Basil Butcher passes away at 86
Basil Butcher, the former West Indies batsman, passed away on Monday (December 16) in Florida, at the age of 86. He represented West Indies in 44 Tests, from 1958 to 1969, scoring 3104 runs at an average of 43.
In his debut series against India, he scored 486 runs at 69.42. The first cricketer of Amerindian descent, Butcher is best remembered for his knocks in England - his 133 at Lord's in 1963 and 209* in Nottingham in 1966. In 1970, he was also named one of Wisden's Cricketers of the Year.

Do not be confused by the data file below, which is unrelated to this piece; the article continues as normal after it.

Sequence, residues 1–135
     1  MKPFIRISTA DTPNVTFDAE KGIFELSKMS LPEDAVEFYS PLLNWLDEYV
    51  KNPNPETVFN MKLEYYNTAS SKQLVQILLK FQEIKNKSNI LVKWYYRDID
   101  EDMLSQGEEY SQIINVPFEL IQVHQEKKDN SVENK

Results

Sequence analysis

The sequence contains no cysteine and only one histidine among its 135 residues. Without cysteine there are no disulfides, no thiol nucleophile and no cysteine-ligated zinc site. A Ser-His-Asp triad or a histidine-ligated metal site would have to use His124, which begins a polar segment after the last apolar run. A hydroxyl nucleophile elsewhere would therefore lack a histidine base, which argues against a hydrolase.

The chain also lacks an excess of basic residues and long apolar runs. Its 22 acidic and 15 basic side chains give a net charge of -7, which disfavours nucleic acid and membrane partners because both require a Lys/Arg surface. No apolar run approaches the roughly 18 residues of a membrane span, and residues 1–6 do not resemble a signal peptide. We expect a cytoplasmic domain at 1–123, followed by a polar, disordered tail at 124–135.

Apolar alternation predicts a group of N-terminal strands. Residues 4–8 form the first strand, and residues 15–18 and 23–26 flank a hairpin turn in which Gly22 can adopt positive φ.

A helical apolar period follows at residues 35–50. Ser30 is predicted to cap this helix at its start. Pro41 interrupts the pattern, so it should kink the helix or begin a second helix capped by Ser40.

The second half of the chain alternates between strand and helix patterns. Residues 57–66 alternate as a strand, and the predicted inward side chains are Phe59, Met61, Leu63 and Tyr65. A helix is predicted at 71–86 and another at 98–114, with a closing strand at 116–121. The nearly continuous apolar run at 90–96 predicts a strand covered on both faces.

His limited exploits with the ball also came against England when he bagged a fifer at Port of Spain in 1968. He couldn't add any Test more wickets, having bowled only twice later, but finished with 7 centuries and 16 fifties in his Test career. After scoring back-to-back centuries against Australia in Sydney and Adelaide, Richie Benaud - the then Australian skipper - hailed him as the 'most difficult of all West Indians to get out'.
His first-class career spanned from 1954 to 1973, in which he played 169 games - mostly for Guyana, scoring 11628 runs at an average of 49.90, including 31 centuries and 54 fifties.